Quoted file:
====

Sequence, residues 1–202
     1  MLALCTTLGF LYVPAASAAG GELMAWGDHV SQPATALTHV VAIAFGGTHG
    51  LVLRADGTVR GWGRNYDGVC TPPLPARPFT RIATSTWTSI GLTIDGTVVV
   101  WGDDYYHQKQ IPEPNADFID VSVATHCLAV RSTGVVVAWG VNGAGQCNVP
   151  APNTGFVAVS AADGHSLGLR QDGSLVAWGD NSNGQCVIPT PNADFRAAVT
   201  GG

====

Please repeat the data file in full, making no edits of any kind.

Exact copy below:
Sequence, residues 1–202
     1  MLALCTTLGF LYVPAASAAG GELMAWGDHV SQPATALTHV VAIAFGGTHG
    51  LVLRADGTVR GWGRNYDGVC TPPLPARPFT RIATSTWTSI GLTIDGTVVV
   101  WGDDYYHQKQ IPEPNADFID VSVATHCLAV RSTGVVVAWG VNGAGQCNVP
   151  APNTGFVAVS AADGHSLGLR QDGSLVAWGD NSNGQCVIPT PNADFRAAVT
   201  GG